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Curating and Preserving Digital Archaeological Data: A Guide to Good Practice

Author(s): Leigh Anne Ellison ; Jodi Reeves Eyre ; adam brin

Year: 2016

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Summary

Archaeologists generate large numbers of digital materials during the course of field, laboratory, and records investigations. Maps, photographs, data analysis, and reports are often produced digitally. Good curation of digital data means it can be discovered and accessed, and preserving these materials means they are accessible for future use. In many ways the managing, curating and preserving digital materials involves similar steps as those taken with physical artifacts, samples, and paper records. However, the digital materials are different and the process can appear daunting at first.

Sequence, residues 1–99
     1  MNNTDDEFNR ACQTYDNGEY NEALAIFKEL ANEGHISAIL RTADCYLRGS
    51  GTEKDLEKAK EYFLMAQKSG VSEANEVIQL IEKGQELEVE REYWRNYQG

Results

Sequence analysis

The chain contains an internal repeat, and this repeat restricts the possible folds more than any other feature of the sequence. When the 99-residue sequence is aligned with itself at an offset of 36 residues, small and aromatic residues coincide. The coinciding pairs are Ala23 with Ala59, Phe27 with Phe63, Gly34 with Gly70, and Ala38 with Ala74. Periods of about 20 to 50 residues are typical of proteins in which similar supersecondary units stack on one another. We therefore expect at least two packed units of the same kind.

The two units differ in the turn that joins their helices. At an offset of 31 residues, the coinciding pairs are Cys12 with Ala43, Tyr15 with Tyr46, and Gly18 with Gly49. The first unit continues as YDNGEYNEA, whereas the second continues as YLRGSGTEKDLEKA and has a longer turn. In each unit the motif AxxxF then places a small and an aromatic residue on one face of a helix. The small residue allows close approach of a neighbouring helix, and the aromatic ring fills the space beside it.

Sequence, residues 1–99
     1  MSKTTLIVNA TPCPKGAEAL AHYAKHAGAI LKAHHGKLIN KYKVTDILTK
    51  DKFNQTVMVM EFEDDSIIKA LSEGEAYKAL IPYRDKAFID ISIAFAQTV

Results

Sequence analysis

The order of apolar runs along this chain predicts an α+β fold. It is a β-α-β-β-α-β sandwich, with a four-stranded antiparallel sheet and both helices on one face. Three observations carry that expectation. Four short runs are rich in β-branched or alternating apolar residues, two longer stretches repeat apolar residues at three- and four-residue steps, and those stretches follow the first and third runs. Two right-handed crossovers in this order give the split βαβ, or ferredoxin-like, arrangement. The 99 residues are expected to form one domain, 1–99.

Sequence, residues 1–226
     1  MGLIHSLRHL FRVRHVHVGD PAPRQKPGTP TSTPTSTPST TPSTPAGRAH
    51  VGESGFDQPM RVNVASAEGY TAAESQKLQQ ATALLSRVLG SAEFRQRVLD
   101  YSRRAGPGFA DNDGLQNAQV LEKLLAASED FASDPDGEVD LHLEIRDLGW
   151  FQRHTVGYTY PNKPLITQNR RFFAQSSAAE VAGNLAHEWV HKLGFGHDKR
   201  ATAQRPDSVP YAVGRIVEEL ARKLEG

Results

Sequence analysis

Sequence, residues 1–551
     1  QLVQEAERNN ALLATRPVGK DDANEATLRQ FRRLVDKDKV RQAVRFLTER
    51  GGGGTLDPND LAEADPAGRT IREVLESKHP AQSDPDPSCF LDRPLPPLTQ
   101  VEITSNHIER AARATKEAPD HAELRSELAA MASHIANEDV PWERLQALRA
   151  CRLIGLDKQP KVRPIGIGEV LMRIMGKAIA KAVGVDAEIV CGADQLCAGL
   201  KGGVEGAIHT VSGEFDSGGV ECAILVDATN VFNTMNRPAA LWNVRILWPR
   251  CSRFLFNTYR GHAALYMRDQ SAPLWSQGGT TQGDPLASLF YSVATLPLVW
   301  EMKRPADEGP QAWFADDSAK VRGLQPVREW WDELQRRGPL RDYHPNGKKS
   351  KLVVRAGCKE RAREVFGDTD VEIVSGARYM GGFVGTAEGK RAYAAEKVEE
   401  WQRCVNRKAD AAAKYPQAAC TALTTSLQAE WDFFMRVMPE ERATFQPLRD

In this poster we outline some simple steps for managing and curating digital materials that can be integrated into existing or future project and that can be applied to digital materials from completed projects. We will also use real world examples from tDAR (the Digital Archaeological Record) to illustrate how people are preserving their digital materials for access and future use.


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Cite this Record

Curating and Preserving Digital Archaeological Data: A Guide to Good Practice. Leigh Anne Ellison, Jodi Reeves Eyre, adam brin. Presented at Plains Anthropological Conference (74th), Lincoln, NE. 2016 ( tDAR id: 426000) ; doi:10.6067/XCV8FT8P1G


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Contact(s): Leigh Anne Ellison


File Information

  Name Size Creation Date Date Uploaded Access
PlainsPoster.pdf 4.07mb Oct 12, 2016 8:31:11 AM Public
Arizona State University The Andrew W. Mellon Foundation National Science Foundation National Endowment for the Humanities Society for American Archaeology Archaeological Institute of America